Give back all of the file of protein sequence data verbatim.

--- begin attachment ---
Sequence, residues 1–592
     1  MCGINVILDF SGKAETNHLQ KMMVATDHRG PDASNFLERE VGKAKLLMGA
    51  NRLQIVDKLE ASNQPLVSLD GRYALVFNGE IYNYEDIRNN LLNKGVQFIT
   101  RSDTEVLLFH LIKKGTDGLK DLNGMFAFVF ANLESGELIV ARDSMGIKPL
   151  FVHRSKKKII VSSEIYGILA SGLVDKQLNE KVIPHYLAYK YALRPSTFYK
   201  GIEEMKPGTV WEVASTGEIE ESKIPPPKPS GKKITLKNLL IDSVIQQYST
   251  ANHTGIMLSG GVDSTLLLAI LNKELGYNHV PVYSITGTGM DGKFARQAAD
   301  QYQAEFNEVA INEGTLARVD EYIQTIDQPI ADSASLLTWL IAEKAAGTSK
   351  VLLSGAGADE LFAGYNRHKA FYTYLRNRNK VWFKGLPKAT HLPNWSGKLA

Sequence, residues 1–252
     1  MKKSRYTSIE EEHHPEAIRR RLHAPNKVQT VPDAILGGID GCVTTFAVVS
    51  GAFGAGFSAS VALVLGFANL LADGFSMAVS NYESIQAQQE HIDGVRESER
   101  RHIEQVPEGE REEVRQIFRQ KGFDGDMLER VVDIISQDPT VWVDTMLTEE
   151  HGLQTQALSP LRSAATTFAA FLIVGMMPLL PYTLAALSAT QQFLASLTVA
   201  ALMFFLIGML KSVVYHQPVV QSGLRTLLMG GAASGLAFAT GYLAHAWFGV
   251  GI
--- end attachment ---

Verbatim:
Sequence, residues 1–592
     1  MCGINVILDF SGKAETNHLQ KMMVATDHRG PDASNFLERE VGKAKLLMGA
    51  NRLQIVDKLE ASNQPLVSLD GRYALVFNGE IYNYEDIRNN LLNKGVQFIT
   101  RSDTEVLLFH LIKKGTDGLK DLNGMFAFVF ANLESGELIV ARDSMGIKPL
   151  FVHRSKKKII VSSEIYGILA SGLVDKQLNE KVIPHYLAYK YALRPSTFYK
   201  GIEEMKPGTV WEVASTGEIE ESKIPPPKPS GKKITLKNLL IDSVIQQYST
   251  ANHTGIMLSG GVDSTLLLAI LNKELGYNHV PVYSITGTGM DGKFARQAAD
   301  QYQAEFNEVA INEGTLARVD EYIQTIDQPI ADSASLLTWL IAEKAAGTSK
   351  VLLSGAGADE LFAGYNRHKA FYTYLRNRNK VWFKGLPKAT HLPNWSGKLA

Sequence, residues 1–252
     1  MKKSRYTSIE EEHHPEAIRR RLHAPNKVQT VPDAILGGID GCVTTFAVVS
    51  GAFGAGFSAS VALVLGFANL LADGFSMAVS NYESIQAQQE HIDGVRESER
   101  RHIEQVPEGE REEVRQIFRQ KGFDGDMLER VVDIISQDPT VWVDTMLTEE
   151  HGLQTQALSP LRSAATTFAA FLIVGMMPLL PYTLAALSAT QQFLASLTVA
   201  ALMFFLIGML KSVVYHQPVV QSGLRTLLMG GAASGLAFAT GYLAHAWFGV
   251  GI